Today I’ve got a guest post for you, written by Jodie who blogs over at This Mum Business. Jodie covers a wide variety of subjects on her blog, including parenting, business and life as a mum raising a little girl with a Growth Hormone Deficiency.
In an ideal world I would really like to consider myself to be a mindful attached parent. I completely buy into the idea that we raise very self aware children, able to understand their own emotions and confident and secure in themselves that they know it’s ok to show them. My eldest daughter Niamh is a very sensitive 6 year old. She is kind, considerate but also a very typical 6 year old who can make even the most patient Mother’s ears bleed. Yesterday, I had a morning from the bowels of hell.
It was so bad that I feel like I contradicted everything I’ve strived hard to teach Niamh about handling emotions and i’m ashamed. We were late up. The baby woke up just as I was about to get dressed which spells disaster as clothes needed ironing. I resolved to get dressed in the living room so I could distract the baby with Peppa Pig. Niamh was taking an age putting on her uniform and punctuating each item with a verse from High School Musical. My stress levels had risen to just behind my eyes.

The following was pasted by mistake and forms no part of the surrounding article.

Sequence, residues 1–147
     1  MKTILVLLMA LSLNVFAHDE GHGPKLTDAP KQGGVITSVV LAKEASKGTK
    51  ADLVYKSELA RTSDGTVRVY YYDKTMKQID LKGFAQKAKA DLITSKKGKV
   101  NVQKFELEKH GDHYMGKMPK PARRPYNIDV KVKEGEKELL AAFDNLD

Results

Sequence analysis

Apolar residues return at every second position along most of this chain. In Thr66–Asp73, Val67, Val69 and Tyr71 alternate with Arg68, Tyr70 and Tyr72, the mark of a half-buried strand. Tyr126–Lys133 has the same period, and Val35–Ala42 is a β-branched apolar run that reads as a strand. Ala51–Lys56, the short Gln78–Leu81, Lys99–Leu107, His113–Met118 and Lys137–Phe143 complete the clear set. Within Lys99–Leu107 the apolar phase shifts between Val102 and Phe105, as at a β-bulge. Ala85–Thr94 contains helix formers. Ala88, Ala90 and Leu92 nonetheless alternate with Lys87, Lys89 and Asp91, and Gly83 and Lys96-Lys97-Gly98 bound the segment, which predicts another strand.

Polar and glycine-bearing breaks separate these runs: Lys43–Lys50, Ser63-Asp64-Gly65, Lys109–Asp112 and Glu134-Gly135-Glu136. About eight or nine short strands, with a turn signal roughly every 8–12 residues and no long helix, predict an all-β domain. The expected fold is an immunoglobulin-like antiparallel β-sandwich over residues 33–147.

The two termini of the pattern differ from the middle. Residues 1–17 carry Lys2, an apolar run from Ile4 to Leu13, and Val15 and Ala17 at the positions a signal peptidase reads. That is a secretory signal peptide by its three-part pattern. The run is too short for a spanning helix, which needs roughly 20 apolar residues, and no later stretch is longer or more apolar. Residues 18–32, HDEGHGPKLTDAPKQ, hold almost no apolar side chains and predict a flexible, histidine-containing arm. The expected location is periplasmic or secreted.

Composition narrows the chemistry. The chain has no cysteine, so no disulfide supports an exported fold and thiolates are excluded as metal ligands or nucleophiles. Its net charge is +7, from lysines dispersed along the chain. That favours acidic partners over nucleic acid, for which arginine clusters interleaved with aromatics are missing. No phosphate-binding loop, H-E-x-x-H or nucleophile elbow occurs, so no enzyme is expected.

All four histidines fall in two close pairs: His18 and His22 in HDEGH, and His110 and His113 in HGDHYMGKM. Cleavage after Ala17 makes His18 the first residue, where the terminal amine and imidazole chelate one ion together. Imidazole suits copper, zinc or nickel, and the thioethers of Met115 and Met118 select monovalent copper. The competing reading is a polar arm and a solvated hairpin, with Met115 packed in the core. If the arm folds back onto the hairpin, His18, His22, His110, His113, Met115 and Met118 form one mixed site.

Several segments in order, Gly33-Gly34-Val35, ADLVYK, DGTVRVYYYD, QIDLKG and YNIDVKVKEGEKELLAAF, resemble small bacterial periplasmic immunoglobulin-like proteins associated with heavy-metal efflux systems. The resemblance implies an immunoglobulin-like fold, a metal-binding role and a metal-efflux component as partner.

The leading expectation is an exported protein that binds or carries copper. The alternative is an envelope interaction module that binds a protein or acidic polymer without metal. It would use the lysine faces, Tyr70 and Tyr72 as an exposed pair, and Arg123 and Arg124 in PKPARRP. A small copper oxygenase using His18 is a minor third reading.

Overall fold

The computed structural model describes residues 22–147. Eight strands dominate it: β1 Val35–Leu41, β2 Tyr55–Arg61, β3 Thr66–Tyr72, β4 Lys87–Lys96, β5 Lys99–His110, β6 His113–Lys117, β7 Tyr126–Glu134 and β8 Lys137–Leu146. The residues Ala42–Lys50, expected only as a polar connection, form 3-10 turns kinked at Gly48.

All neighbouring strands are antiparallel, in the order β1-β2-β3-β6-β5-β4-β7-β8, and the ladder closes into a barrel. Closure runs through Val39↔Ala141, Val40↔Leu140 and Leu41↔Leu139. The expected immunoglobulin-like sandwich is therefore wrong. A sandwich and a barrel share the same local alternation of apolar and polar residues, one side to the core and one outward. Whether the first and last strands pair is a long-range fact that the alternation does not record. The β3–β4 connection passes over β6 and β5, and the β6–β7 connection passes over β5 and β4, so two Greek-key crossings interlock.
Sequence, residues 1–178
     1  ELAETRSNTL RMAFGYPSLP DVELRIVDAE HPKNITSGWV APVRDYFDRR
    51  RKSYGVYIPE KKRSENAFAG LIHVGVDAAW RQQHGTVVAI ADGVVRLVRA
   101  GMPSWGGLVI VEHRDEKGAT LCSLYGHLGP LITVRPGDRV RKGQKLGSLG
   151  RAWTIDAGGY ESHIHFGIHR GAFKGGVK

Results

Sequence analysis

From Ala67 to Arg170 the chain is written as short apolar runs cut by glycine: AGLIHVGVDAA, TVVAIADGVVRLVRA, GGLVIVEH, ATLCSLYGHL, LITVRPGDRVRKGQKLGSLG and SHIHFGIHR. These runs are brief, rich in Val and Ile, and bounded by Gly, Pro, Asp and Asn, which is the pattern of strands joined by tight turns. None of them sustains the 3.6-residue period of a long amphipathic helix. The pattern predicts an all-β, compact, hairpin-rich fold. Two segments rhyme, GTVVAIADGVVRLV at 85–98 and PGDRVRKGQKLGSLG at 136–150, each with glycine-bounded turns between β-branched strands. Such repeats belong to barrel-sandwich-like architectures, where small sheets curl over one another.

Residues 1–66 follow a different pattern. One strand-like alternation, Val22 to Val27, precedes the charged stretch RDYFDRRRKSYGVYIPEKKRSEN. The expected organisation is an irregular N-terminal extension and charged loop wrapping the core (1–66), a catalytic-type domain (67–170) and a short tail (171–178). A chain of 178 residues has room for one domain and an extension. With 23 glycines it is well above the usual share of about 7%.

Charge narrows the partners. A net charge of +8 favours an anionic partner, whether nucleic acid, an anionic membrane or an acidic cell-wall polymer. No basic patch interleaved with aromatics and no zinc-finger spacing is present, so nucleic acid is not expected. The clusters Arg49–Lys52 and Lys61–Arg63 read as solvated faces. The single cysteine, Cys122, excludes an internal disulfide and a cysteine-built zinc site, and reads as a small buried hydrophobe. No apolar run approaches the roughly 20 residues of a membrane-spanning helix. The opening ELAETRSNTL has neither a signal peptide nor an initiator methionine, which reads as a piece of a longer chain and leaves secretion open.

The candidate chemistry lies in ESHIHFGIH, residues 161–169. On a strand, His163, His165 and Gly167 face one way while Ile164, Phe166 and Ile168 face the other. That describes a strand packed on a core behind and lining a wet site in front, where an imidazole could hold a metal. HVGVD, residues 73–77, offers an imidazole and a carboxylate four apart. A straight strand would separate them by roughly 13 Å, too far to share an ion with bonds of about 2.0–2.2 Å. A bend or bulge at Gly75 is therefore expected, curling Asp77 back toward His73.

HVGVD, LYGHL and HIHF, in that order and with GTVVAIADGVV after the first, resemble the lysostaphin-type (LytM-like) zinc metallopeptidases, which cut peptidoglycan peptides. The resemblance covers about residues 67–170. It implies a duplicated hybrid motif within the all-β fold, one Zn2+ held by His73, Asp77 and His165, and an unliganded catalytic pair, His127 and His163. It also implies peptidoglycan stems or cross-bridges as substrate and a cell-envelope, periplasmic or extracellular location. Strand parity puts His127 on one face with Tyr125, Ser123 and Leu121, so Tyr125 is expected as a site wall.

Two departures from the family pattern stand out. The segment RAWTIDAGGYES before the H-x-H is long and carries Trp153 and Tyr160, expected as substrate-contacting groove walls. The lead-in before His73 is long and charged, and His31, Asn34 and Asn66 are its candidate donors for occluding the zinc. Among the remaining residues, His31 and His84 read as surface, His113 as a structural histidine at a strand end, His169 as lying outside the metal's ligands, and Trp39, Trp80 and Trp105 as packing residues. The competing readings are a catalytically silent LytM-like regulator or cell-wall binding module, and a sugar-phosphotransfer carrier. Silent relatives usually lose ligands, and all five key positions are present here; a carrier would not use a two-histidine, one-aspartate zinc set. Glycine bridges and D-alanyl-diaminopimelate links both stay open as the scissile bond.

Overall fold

Finally dressed, I grabbed the brush to do her hair. I was midway through the first stroke and she started to cry.
“I’ve barely given it one brush! It can’t be hurting you…”
Cue more sobs.
“I can’t help crying! I said that to my friends at school”
“Why were you crying at school?”
“My friends were bossing me around so I cried”
“Oh Niamh, no one likes a cry baby”
“I AM NOT A CRY BABY!”
In those six words I had managed to dismiss her feelings as unimportant and silly. I had made her feel silly too when really I should have acknowledged why she had felt upset at school and how to feel better about things. I apologised later that night and she seemed totally forgiving (although she admitted she had told her teacher I called her a cry baby – mortified doesn’t even cover it).
Neil thought I was over reacting but I just didn’t ever want her to become the class outcast. So fragile that it wasn’t worth playing with her. I want her to be self assured at school although her sensitivity also makes her who she is and she completely rocks. I never want to change her, such a contradiction!
I could have handled it a hell of a lot better but I guess that’s Motherhood. Trying to see the best practices through a fog of occasional rage and exhaustion and just hoping that tomorrow is a better day.